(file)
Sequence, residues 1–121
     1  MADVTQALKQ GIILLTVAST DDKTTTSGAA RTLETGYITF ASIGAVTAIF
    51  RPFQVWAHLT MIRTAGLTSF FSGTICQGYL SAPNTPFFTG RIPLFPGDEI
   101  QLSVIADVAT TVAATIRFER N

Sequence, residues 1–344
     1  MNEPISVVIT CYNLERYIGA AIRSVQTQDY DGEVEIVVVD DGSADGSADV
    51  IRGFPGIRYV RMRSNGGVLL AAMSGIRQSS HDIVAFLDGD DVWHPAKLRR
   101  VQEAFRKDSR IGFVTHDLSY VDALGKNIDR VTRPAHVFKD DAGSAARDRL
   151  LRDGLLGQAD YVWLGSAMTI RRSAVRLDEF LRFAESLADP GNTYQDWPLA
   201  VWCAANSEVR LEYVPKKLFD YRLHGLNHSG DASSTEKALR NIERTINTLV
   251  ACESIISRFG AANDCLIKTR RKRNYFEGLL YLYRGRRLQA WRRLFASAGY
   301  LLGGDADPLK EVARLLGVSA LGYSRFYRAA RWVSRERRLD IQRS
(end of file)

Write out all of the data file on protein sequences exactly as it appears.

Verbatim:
Sequence, residues 1–121
     1  MADVTQALKQ GIILLTVAST DDKTTTSGAA RTLETGYITF ASIGAVTAIF
    51  RPFQVWAHLT MIRTAGLTSF FSGTICQGYL SAPNTPFFTG RIPLFPGDEI
   101  QLSVIADVAT TVAATIRFER N

Sequence, residues 1–344
     1  MNEPISVVIT CYNLERYIGA AIRSVQTQDY DGEVEIVVVD DGSADGSADV
    51  IRGFPGIRYV RMRSNGGVLL AAMSGIRQSS HDIVAFLDGD DVWHPAKLRR
   101  VQEAFRKDSR IGFVTHDLSY VDALGKNIDR VTRPAHVFKD DAGSAARDRL
   151  LRDGLLGQAD YVWLGSAMTI RRSAVRLDEF LRFAESLADP GNTYQDWPLA
   201  VWCAANSEVR LEYVPKKLFD YRLHGLNHSG DASSTEKALR NIERTINTLV
   251  ACESIISRFG AANDCLIKTR RKRNYFEGLL YLYRGRRLQA WRRLFASAGY
   301  LLGGDADPLK EVARLLGVSA LGYSRFYRAA RWVSRERRLD IQRS